You may have noticed that a more usable, intuitive flat UI form involves some degree of redundancy. It’s often not just one visual design component (e.g., color) that communicates difference. Instead, it might be color and shape, or color and size.

Jessica Enters, Flat UI and Forms (in A List Apart)

Tl;dr: if you have a flat design, be careful not to let you form elements blend in too much and get washed out.

…who the heck is visiting page 964 of 3810?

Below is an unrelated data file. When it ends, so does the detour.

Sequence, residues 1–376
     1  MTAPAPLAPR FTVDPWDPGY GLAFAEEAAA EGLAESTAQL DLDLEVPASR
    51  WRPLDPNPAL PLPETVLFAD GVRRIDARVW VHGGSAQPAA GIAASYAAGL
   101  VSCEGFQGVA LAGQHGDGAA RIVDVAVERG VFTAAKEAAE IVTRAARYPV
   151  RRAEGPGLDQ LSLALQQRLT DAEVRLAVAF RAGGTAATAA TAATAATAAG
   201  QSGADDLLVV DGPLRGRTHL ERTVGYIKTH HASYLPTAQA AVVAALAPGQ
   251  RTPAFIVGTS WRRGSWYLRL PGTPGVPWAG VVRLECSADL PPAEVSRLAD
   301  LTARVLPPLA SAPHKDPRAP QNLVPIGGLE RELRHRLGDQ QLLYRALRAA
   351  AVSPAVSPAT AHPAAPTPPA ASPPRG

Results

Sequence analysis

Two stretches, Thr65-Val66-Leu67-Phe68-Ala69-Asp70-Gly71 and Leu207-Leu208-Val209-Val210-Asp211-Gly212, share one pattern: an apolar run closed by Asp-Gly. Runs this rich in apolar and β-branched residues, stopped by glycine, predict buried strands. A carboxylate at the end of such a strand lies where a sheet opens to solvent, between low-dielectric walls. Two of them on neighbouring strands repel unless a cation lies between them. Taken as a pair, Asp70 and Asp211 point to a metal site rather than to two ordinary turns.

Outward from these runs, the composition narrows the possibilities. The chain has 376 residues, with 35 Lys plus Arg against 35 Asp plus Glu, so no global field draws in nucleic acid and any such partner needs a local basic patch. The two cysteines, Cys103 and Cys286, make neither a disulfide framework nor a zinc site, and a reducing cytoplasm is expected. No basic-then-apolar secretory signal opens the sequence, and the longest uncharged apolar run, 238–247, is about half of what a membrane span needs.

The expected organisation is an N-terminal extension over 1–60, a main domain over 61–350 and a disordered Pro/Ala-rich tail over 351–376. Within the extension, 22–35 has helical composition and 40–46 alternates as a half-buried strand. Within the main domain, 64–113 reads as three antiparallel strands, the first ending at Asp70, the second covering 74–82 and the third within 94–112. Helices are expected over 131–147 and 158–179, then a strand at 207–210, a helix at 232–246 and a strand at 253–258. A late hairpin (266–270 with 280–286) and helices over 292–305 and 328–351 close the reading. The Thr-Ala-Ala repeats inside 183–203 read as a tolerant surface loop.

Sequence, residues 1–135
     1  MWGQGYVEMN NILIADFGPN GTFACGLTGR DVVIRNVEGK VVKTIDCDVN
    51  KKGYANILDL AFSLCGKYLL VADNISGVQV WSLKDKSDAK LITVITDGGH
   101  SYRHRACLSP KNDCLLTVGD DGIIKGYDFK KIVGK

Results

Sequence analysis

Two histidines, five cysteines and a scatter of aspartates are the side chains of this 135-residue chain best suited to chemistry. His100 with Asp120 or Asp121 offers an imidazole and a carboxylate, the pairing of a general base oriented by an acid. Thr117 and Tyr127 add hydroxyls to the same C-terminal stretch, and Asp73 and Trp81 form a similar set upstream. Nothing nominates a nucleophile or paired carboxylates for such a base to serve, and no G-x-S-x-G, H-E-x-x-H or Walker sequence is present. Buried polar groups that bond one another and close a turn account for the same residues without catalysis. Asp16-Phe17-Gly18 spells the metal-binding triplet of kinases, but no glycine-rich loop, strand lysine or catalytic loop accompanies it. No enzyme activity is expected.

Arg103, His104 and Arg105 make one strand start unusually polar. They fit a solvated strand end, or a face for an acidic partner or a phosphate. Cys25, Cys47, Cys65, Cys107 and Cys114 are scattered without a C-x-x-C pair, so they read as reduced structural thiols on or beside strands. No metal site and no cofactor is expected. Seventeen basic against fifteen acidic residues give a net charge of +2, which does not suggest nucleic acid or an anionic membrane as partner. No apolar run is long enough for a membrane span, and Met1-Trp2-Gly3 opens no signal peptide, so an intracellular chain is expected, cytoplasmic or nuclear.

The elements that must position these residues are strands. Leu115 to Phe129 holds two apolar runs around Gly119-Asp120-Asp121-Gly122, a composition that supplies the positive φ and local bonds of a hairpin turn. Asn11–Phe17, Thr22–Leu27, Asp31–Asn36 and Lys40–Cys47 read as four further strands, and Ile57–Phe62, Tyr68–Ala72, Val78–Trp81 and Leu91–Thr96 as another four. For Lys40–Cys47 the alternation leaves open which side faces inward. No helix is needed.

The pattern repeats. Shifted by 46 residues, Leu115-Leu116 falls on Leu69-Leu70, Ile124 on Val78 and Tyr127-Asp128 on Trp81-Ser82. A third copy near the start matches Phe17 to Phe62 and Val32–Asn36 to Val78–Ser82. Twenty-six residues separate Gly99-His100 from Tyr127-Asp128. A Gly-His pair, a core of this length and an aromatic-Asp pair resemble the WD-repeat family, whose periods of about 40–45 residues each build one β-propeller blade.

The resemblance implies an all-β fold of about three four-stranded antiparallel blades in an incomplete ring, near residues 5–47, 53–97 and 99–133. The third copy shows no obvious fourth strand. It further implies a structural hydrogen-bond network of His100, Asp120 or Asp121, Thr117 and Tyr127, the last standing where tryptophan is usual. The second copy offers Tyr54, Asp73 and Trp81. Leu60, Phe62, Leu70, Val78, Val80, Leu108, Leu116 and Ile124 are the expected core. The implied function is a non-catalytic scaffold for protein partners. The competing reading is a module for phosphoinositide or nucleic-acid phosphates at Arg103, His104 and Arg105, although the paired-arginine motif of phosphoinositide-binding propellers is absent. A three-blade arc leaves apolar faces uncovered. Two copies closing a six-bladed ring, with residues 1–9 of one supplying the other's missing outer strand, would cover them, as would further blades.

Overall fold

Jeff Atwood, "The End of Pagination"

As you can imagine, the comment thread is exactly the kind of potpourri you’d expect from this topic.

We see a lot of feature-driven product design in which the cost of features is not properly accounted. Features can have a negative value to customers because they make the products more difficult to understand and use. We are finding that people like products that just work. It turns out that designs that just work are much harder to produce than designs that assemble long lists of features.
— Douglas Crockford (JavaScript: The Good Parts)